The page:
I propose that life is much less spectacular than most people are led to believe by religion, politics, and other world views. I do think there are a lot of wonderful experiences in life, but I do not think they can be unbound from the banal and the truly awful. Life is spectacular – not in and of itself – but as part of a much bigger and more banal process. I think there is danger in seeing the world as an abundant source of overflowing joy; just as there is danger in seeing the world as a grim surface full of suffering on which humans play out their meager existences. There is especially a danger in focusing only on human life. I think the world can be seen as a system of processes that can be arranged on a spectrum from living to non-living. In these processes, conscious beings may experience feelings on a spectrum from elation to sorrow. There are many unconscious processes in the universe that are important and banal.

The biggest question, as I see it, is do lifeforms have souls? The soul is the key element in religion and storytelling that allows us to see things in a spectacular spotlight – rather than a purely deterministic, mechanical, biological, scientific softbox studio light.

I propose that humans do not have souls. Lifeforms at large – and the special subset of humans – have personalities and patterns of behavior. I think consciousness is so powerful at creating compelling behaviors and so good at recognizing patterns, that human behaviors and some animal behaviors feel like unique magical abilities that fill our bodies. Our minds and behavior feel larger than life itself; our actions usually do not feel like simple animal instinct, or mere causal results of biological processes. It feels like something bigger than us imbued our bodies with these amazing abilities of action and consciousness.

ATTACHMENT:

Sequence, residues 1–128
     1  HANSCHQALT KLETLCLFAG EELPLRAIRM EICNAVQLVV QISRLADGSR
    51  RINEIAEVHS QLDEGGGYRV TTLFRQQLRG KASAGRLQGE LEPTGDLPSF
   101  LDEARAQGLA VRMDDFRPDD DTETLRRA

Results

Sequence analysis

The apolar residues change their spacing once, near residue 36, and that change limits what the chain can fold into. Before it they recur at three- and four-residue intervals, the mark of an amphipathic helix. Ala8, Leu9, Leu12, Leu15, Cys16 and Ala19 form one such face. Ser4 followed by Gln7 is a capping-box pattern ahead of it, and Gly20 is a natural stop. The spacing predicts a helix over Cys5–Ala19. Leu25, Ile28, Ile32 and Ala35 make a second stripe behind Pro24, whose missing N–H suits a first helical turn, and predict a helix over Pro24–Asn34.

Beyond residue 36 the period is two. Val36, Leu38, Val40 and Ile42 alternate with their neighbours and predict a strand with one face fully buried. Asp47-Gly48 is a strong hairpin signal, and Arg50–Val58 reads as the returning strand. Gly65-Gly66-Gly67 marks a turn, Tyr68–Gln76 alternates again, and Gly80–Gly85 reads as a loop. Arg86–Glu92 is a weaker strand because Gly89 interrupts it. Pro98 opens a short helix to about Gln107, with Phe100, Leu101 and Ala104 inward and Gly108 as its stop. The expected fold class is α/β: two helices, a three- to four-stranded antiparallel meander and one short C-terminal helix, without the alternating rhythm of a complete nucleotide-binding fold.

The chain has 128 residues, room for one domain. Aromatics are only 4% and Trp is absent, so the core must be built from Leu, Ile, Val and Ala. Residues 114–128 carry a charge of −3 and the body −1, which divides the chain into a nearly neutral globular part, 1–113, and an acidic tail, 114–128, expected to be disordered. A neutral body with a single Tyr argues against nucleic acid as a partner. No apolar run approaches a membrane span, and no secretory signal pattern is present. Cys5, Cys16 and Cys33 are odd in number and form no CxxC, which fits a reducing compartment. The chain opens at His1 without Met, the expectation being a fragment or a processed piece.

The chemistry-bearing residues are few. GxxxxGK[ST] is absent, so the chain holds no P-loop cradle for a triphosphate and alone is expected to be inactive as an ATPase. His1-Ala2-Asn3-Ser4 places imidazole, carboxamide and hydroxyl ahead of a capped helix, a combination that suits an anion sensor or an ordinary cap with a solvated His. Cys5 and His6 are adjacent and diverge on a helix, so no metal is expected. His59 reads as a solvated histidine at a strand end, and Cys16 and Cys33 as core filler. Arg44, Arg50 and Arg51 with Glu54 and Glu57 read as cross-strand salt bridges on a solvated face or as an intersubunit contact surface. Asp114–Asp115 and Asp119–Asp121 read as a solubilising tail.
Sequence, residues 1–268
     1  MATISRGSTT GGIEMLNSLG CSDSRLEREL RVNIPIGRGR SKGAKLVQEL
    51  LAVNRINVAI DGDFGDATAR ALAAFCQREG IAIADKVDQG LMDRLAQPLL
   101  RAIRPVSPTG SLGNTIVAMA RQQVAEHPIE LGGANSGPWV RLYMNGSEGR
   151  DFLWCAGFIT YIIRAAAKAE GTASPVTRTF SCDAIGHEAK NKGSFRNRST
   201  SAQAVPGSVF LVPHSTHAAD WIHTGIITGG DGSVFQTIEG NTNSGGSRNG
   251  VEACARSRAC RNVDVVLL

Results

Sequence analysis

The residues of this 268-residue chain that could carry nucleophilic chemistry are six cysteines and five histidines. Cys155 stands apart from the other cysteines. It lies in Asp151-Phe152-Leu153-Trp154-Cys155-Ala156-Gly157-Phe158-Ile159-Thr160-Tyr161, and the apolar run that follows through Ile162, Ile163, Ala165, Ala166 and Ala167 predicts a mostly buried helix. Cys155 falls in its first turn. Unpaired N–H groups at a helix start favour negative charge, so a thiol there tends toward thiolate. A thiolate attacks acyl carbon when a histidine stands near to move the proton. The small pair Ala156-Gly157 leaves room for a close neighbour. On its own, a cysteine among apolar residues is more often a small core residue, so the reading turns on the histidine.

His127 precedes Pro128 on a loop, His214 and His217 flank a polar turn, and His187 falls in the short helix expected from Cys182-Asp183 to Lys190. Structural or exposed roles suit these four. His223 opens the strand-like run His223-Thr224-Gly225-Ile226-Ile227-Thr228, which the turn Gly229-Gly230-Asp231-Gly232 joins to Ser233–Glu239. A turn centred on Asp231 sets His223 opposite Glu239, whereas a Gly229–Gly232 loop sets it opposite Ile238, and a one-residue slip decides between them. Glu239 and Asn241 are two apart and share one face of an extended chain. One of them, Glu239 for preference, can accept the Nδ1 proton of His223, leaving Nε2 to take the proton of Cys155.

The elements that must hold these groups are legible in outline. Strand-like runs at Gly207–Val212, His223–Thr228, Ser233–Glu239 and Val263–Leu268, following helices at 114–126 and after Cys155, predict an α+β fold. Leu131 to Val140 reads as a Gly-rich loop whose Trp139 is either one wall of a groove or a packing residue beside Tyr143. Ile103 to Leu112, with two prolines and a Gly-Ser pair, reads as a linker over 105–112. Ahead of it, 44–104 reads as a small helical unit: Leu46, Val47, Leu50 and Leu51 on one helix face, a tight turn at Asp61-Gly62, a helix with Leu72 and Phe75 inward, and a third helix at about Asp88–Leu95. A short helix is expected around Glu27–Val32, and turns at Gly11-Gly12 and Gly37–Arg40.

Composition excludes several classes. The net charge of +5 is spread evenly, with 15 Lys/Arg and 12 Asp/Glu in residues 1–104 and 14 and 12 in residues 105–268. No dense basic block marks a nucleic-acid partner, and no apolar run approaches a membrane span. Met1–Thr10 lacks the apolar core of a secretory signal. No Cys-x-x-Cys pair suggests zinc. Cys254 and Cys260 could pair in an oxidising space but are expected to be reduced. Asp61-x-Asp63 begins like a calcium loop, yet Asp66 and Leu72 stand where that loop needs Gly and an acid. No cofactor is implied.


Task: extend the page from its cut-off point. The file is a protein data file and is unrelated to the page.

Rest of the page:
I think most of the potentially dangerous views in our minds stem from a focus on the spectacular while ignoring the banal.

We see the human soul shine through music, art, poetry, and laughter. We emphasize these parts of life in a spotlight. We do not think of our soul showing when we sleep, get a headache, or finish the process of digestion by eliminating waste from the body. The banal things are just as important as the spectacle and they are the results of the same mechanics that make up the human body. We must understand our complete biological forms and consciousness. Our bodies are amazing and terrible. Our mind is a part of our body. Our mind and personality change as a part of the whole system. This can be made apparent when disease, addiction, injury, or aging seem to change who a person is. We celebrate people who survive an injury and keep the same personality – it looks like proof of a soul – a soul that is separate from the body and unaltered by injury to the body. I think it is more realistic that what we think of as a “soul” is just the function of our body. It can be changed by psychological and physical events. My view of the ultimate question is: I do not think what we call the soul continues after the body is dead.

Why would I say all of this? If there is something I am comfortable calling a soul, then how can I say it does not exist?

I do think it is important to our society to see people as unique individuals. I think people are so unique that I am comfortable calling their essence a soul. However, I do not think that that essence has an ethereal nature separate from the body. I do not think it gets reincarnated, nor gets rewarded with heaven, nor damned to hell. I do not think the concept of a soul should be used to manipulate people’s behavior with religions that operate like cults and multi-level-marketing schemes. I think a banal scientific view of the body and soul, might be more useful than the myriad views offered by the major religions. I think the Christian view is especially dangerous and leads to more suffering than benefits.

I am intrigued by a possible view of the world without individuals and without souls. It is not something I currently use, but the possibility of it is fascinating.

To be continued.